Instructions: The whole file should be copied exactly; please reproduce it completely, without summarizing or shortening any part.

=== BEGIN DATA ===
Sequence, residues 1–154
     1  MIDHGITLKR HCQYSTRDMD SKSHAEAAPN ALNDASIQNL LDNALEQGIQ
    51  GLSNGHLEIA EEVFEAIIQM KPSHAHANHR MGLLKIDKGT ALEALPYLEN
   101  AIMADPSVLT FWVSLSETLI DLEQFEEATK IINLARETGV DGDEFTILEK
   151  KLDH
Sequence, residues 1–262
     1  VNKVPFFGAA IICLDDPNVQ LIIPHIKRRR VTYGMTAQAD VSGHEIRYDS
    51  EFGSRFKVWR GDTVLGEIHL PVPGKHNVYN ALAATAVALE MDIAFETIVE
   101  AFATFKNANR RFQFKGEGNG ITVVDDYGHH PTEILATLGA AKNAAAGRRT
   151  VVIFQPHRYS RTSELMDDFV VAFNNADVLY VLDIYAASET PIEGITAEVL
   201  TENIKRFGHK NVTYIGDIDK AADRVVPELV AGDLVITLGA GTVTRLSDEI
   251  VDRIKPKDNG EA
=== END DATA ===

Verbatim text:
Sequence, residues 1–154
     1  MIDHGITLKR HCQYSTRDMD SKSHAEAAPN ALNDASIQNL LDNALEQGIQ
    51  GLSNGHLEIA EEVFEAIIQM KPSHAHANHR MGLLKIDKGT ALEALPYLEN
   101  AIMADPSVLT FWVSLSETLI DLEQFEEATK IINLARETGV DGDEFTILEK
   151  KLDH
Sequence, residues 1–262
     1  VNKVPFFGAA IICLDDPNVQ LIIPHIKRRR VTYGMTAQAD VSGHEIRYDS
    51  EFGSRFKVWR GDTVLGEIHL PVPGKHNVYN ALAATAVALE MDIAFETIVE
   101  AFATFKNANR RFQFKGEGNG ITVVDDYGHH PTEILATLGA AKNAAAGRRT
   151  VVIFQPHRYS RTSELMDDFV VAFNNADVLY VLDIYAASET PIEGITAEVL
   201  TENIKRFGHK NVTYIGDIDK AADRVVPELV AGDLVITLGA GTVTRLSDEI
   251  VDRIKPKDNG EA